Bailey Mackey (Ngati Porou, Tuhoe, Rongowhakaata)

Story by Himiona Grace


CEO / Producer

East Coast boy Bailey Mackey had an interesting childhood. He was bought up by his grandparents in Kaiti, on the out skirts of Gisborne. They, like many were a product of the urban drift where rural people and communities moved to the towns and cities for employment and the prospect of a ‘better life’. Although Bailey describes his childhood as “pohara as” his grandparents made sure they didn’t lack the essentials in life. Stability, schooling and there was always food on the table. “I was instilled with Ngati Poroutanga but (going to school in Kaiti) meant I had also mixed and interacted with a lot of Pakeha kids and teachers so in that sense I ended up with a pretty balanced upbringing”. This was no doubt where Bailey’s competence in speaking both Maori and English came from. And his ‘Naati’ humour.

“There was a lot humour, [at home] and it was interesting too. My grandfather was a 28th Battalion veteran. He was a fencer and a shearer and was a grand nephew of Sir Apirana Ngata (National Party) He was a Tory with conservative politics. My grandmother was a sewing machinist and a pretty staunch unionist. And I’d get up in morning and they’d be arguing about politics all in Maori. Sometimes it was heated arguments but then they’d be laughing too. It was awesome”.

His fluency in both Maori and English wasn’t the only result of growing up in this environment. 
When he attended Gisborne Boys High he committed himself to the Manu Korero speech competitions where he was very successful. His ability to stand and speak seemed to come naturally. It was around this time his passion for broadcasting was born. “I wanted to be a reporter for Te Karere or Wakahuia so I could visit all the marae around the country and talk to our kuia and koroua.”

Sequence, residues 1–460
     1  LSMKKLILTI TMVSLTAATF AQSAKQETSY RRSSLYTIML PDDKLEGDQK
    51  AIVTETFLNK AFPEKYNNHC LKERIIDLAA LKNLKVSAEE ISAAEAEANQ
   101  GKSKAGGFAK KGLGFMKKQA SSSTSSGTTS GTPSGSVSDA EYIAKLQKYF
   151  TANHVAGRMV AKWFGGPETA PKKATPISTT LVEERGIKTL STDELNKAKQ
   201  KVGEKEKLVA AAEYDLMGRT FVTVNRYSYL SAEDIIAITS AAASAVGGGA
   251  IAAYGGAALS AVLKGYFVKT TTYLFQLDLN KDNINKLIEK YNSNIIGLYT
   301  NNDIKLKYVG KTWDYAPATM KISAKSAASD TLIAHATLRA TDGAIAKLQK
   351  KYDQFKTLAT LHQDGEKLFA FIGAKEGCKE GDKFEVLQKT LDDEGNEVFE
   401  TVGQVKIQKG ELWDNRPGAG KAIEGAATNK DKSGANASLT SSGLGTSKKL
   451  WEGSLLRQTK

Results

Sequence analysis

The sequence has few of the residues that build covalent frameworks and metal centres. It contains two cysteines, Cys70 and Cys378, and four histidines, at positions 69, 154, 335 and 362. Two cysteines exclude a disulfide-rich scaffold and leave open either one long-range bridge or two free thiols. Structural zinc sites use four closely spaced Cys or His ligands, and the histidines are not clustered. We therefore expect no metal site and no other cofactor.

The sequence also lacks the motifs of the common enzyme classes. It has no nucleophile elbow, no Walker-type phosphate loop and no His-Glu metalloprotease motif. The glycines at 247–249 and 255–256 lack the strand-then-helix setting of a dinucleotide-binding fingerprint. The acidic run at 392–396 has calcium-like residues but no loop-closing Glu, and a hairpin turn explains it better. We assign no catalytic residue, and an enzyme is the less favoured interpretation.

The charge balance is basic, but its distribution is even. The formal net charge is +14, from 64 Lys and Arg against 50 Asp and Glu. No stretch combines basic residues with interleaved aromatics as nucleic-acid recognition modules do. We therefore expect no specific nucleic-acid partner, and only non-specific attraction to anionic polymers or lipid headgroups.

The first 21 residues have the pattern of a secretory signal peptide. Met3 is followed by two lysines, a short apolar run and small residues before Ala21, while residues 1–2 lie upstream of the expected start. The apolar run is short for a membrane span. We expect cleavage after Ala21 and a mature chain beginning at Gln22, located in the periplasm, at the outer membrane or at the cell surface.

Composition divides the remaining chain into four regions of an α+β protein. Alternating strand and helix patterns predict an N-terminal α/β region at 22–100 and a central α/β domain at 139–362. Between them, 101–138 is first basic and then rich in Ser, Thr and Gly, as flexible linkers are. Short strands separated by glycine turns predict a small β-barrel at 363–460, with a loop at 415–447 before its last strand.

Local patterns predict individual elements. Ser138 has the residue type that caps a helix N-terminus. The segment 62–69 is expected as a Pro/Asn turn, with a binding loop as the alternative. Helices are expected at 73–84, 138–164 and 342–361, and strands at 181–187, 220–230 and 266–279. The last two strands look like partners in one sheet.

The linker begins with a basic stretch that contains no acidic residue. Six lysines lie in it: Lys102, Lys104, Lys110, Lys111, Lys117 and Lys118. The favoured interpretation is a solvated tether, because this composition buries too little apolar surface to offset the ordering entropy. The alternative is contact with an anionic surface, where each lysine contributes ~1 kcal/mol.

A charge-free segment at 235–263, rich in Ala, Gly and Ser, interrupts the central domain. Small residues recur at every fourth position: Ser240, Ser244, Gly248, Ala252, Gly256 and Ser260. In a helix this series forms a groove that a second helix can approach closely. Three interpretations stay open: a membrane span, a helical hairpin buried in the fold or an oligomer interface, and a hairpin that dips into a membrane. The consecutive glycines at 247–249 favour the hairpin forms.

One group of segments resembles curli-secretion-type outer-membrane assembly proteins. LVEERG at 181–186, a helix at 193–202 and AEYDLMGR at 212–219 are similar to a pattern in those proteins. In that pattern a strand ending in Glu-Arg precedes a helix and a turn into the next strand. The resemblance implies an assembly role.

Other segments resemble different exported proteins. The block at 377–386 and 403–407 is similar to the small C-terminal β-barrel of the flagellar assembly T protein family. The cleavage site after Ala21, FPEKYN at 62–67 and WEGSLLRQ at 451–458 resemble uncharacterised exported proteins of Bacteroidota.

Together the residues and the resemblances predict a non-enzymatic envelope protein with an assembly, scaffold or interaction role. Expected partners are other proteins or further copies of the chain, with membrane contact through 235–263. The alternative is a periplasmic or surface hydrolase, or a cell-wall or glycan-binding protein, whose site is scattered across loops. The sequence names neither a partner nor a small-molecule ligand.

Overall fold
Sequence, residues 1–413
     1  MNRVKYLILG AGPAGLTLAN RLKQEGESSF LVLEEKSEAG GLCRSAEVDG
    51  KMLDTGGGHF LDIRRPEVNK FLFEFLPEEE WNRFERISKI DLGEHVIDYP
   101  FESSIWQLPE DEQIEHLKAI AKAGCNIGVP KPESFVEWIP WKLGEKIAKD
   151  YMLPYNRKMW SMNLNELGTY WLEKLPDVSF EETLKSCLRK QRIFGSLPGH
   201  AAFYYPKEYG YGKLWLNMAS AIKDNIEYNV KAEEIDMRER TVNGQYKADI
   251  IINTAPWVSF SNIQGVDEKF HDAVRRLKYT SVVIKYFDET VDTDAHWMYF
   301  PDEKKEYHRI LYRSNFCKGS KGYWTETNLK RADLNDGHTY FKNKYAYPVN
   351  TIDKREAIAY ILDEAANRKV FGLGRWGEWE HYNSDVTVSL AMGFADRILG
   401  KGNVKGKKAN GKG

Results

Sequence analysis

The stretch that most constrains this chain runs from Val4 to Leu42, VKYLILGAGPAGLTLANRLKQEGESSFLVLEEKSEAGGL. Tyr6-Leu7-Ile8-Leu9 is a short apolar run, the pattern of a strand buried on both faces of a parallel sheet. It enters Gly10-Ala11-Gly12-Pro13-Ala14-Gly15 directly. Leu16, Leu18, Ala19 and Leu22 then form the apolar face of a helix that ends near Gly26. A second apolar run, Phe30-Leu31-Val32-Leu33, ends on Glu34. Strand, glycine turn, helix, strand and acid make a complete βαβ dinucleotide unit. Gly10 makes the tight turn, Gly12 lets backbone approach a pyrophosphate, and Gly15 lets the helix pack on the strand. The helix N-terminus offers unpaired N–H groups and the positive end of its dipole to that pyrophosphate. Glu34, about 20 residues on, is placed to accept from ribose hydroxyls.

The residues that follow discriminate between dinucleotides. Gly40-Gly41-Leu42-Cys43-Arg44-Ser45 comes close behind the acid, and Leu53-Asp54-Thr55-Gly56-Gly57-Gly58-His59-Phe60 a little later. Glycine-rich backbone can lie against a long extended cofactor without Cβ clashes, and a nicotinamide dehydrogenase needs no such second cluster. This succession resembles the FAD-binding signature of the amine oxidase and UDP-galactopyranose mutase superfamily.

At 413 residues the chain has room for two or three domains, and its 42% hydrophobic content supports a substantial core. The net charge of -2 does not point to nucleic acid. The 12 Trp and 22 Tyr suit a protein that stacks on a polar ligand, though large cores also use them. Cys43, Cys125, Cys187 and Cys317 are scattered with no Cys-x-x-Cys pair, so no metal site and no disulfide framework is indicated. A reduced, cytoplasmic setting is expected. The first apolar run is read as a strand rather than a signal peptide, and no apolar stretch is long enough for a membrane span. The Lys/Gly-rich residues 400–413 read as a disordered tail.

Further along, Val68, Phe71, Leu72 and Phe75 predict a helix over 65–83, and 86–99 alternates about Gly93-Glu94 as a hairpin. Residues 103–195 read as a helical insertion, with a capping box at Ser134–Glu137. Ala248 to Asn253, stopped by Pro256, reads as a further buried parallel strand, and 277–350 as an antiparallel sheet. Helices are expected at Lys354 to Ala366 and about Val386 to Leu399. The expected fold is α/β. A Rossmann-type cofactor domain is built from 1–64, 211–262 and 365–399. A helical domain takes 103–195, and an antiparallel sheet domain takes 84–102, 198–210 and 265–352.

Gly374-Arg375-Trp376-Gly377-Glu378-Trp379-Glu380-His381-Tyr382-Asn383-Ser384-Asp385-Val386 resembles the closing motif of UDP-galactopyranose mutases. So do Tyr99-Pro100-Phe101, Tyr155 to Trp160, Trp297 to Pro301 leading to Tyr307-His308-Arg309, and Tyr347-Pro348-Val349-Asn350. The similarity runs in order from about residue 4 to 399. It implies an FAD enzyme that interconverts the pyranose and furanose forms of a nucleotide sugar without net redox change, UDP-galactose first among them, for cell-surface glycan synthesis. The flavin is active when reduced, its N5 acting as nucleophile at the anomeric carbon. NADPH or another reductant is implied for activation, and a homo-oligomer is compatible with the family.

But school wasn’t always great for Bailey. “To be honest, when I look back at my schooling I didn’t really fit in. I was smart enough and got in the top classes and the teachers told me I should I commit myself more. But I don’t think the school system catered for us. I’m a believer in passion and it’s something you can’t be taught [in school]. I had a passion for Manu Korero and was successful at it. After college I committed to rugby and played for East Coast/ Ngati Porou, was really passionate about it. Then in my twenties I committed to broadcasting, another passion [of mine]. I think we’re natural explorers and that’s one of my big things now. Don’t lose the explorer in you. We’re descendants of Maui and that’s who we are”. Of course he’s referring to Maui Tikitiki-a-Taranga who was famously mischievous and a daring opportunist. Ngati Porou are descendants of Maui. 

“If Maui was at school today he wouldn’t be sitting NCEA, he’d be out the back of the incinerator checking out the fire, or behind bike sheds”. [Laughs]

Bailey started his broadcasting career at Radio Ngati Porou in Ruatoria. He then went on the become a reporter for Te Karere (passion). He even had a short stint at writing for Shortland Street before becoming a reporter for TV3’s sports department. When he became Head of Sport for Maori TV another opportunity presented itself. “It was a bit of sea-change for me because I was no longer a sole trader or practitioner, I was a manager, strategist learning more of the production side of things”. This is where he learned the tricks of the trade needed to go it alone.

He went on to set up his own company which allowed him to work for any network in any genre of television programming. From sports to reality to drama. This broadened his skill set and provided more opportunities. After producing over 20 shows Bailey’s company Pango ( have made the move into the film industry. A natural progression for someone with the talent, passion and an eye for opportunity.